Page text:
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Fraser Institute

That's almost 40 per cent more than the year before.
The Fraser Institute has argued recently that the federal government has failed to make a convincing case for Canada Pension Plan (CPP) expansion. But their viewpoint depends heavily on trying to determine how much income Canadians need to retire with dignity. So, do we really need an expanded CPP?
The study came just days after Donald Trump said Canadians go to the United States because of a "catastrophic'' Canadian system.
Manufacturing's decline has taken a toll.
By making it easier to navigate the tax rules and meet their obligations, Canadians will spend less time and less of their money on preparing their taxes, leaving more in their pockets. For Canadian businesses, productivity could improve as they spend less time, effort and capital dealing with tax compliance and red tape.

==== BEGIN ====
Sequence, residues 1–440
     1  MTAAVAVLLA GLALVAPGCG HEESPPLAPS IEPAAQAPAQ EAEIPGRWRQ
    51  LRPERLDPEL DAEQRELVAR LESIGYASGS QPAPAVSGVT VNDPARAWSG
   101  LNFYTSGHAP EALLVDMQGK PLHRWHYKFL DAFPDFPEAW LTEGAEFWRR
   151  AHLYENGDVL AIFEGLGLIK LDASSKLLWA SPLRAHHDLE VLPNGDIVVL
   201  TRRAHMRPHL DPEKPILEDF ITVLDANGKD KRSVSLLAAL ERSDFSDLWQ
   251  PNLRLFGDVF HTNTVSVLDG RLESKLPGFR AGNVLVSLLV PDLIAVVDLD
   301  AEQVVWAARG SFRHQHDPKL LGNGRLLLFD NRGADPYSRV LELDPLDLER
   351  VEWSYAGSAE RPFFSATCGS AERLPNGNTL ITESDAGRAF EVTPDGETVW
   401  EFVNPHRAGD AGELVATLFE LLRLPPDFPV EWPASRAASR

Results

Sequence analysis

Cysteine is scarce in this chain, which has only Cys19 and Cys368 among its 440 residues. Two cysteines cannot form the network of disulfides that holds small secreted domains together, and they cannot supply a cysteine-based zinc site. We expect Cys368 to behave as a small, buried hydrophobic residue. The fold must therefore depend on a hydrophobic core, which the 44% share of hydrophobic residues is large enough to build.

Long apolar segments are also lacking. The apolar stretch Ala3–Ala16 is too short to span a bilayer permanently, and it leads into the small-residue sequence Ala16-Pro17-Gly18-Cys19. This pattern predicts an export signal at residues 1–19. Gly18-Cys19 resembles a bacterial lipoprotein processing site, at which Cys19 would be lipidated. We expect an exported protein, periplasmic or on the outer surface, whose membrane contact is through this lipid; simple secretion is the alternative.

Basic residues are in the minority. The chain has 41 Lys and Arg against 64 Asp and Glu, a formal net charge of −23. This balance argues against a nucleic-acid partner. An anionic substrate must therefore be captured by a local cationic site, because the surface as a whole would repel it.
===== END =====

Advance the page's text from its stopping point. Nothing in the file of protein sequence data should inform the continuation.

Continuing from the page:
Are Canadians getting a solid bang for their 13 billion bucks?
Yikes.
The province is on track to post a record deficit.
"There are lies, damned lies and statistics" is the well-worn phrase, but nothing better sums up the recent Fraser Institute scare mongering about taxes being the single largest budget item of Canadian households -- as catchy as the headlines may be, it is alarmist spin. Such biased economic exercises raise a fundamental question: Just what indicators should we be using to keep score on Canada's economic performance?
Study editor Fred McMahon says the goal of the index is to measure the degree to which people are free to enjoy classic civil liberties.